5 advantages of using an integrated vector database for AI development

Vectors enable businesses to augment the LLMs used for generative AI. Here’s why the new vector data type should live in your existing database.

John Foley | January 15, 2024


As more businesses develop and deploy AI-driven applications, there’s a strategic decision to make: What vector database do we use?

Vectors, which are unique strings of numbers calculated to represent unstructured data, let companies add context to generic large language models (LLMs). Vectors enable rapid semantic search of the unstructured data they represent, a critical capability for uses such as making product recommendations or showing correlations among data or objects.

For many businesses, vectors are, or soon will be, an entirely new data type to manage. AI development teams must determine the best way to store, administer, and retrieve vector data. There are two primary options: specialized, purpose-built vector databases or multi-modal databases, such as Oracle Database 23ai, that support not only vectors but many other data types as well.

Searches on a combination of business and semantic data are easier, faster, and more precise if both types of data are managed by a single database.”

Juan Loaiza Executive Vice President, Mission-Critical Database Technologies, Oracle

There are benefits to both approaches. Specialized vector databases serve the purpose of letting an LLM use your data when responding to queries. However, they may not be as well suited to other data types and workloads. And because vector databases are new, they must be integrated into your existing application architecture. That work includes figuring out scalability, adding security and identity management, and meeting availability and performance expectations.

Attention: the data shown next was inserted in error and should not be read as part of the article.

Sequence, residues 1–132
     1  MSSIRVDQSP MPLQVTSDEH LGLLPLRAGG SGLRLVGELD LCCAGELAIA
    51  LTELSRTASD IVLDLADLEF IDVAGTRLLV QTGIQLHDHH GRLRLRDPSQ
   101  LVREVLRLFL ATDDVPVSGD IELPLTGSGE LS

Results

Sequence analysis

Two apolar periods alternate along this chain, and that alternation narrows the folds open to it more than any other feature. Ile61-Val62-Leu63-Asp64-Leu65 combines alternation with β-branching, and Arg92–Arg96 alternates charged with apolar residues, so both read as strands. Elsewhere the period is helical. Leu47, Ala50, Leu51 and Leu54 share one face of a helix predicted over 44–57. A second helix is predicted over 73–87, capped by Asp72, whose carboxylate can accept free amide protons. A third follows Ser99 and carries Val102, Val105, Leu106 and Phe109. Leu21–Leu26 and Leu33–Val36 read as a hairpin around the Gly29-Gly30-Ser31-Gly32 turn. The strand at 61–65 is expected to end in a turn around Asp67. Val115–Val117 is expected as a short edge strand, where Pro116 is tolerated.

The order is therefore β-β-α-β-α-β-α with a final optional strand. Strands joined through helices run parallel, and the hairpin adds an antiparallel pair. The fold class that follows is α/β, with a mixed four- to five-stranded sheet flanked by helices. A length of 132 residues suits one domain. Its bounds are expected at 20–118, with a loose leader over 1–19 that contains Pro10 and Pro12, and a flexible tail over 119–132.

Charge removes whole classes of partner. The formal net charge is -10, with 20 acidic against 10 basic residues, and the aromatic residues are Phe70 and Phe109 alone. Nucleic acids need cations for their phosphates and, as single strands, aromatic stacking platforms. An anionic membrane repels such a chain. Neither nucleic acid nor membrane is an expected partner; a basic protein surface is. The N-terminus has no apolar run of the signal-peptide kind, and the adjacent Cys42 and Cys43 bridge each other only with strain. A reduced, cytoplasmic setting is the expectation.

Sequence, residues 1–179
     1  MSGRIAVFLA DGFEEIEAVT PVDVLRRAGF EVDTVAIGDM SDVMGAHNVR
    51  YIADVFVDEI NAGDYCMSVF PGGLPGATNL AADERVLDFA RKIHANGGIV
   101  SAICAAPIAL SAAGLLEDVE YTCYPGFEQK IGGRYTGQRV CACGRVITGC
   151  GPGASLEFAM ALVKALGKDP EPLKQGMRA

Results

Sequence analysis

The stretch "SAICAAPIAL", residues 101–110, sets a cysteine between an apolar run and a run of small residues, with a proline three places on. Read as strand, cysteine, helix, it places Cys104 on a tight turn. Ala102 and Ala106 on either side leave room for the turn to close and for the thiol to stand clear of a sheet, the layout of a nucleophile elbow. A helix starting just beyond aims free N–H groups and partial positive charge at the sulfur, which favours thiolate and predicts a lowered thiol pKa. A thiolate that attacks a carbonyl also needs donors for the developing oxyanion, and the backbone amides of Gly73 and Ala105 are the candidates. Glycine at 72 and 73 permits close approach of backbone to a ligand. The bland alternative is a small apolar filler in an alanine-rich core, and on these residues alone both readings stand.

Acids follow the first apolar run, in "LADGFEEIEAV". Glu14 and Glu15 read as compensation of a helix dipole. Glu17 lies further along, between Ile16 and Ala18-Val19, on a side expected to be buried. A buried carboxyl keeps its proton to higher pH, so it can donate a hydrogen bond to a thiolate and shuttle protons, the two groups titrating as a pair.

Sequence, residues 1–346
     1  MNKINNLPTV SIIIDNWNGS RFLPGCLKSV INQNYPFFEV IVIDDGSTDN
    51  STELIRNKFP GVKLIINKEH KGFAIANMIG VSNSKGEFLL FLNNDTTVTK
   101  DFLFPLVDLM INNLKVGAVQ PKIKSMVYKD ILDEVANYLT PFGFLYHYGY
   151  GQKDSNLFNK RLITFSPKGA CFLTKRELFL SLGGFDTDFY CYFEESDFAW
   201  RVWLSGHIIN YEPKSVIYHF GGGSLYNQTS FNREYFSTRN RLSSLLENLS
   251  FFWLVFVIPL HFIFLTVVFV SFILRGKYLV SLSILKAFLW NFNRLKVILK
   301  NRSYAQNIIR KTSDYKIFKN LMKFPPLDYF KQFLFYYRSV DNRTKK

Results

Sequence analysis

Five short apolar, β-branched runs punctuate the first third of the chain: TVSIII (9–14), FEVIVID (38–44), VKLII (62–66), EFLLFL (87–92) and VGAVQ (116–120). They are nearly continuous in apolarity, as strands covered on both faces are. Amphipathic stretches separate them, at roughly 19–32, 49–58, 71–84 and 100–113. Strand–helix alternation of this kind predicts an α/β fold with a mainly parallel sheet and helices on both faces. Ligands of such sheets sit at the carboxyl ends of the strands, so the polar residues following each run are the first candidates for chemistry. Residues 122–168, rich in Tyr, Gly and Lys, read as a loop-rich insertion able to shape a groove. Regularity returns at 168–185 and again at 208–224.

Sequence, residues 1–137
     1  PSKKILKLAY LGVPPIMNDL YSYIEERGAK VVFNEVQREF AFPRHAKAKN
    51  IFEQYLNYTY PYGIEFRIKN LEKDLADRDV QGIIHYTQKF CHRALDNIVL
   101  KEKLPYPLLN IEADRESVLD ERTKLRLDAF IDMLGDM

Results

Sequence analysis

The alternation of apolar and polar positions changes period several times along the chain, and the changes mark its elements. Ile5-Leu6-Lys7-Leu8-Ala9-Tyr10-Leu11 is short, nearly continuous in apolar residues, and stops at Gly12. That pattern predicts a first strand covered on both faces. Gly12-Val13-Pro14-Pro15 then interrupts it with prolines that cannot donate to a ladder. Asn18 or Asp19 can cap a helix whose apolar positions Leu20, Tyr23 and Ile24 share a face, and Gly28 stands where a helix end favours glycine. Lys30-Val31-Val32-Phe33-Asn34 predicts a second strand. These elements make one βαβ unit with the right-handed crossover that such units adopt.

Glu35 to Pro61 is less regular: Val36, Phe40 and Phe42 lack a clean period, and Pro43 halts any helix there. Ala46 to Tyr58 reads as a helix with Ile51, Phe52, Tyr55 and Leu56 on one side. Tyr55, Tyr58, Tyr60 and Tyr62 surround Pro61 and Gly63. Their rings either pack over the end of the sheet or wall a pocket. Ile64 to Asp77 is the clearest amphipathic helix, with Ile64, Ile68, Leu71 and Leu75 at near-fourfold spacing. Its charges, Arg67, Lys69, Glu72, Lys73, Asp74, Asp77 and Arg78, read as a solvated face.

All-purpose databases like Oracle Database 23ai avoid those issues. Not only does Oracle Database 23ai handle many data types, including vectors, but it’s integrated into your application environment and already contains your company’s data. There’s no need to move data into a specialized vector database. Your team can focus its efforts on augmenting an LLM with company data.

The term Oracle uses to describe this kind of highly integrated model is a “converged database,” that is, a database with native support for all modern data types, analytics, and the latest development paradigms. Oracle Database, for example, supports transactions, analytics, AI/machine learning, blockchain, graph, spatial, JSON, REST, events, IoT streaming, and more—all as part of the core system.

“It allows you to support many diverse projects using a single platform,” wrote Maria Colgan, distinguished product manager at Oracle, in a blog post on converged databases.

Oracle recently added vector data to the growing list of data types incorporated into Oracle Database. This support comes in the form of a new, limited availability1 capability in Oracle Database 23ai called “AI Vector Search.” It includes vectors as a native data type, as well as vector indexes and vector search SQL operators, which together make it possible to store the semantic content of unstructured data as vectors. You can then run split-second similarity queries on documents, images, and any other unstructured data represented as vectors.

Easier, faster, more precise

In announcing AI Vector Search at Oracle CloudWorld in September, Juan Loaiza, Oracle executive vice president of mission-critical database technologies, emphasized the discoverability advantages of integrating vector and business data.

“Searches on a combination of business and semantic data are easier, faster, and more precise if both types of data are managed by a single database,” Loaiza said.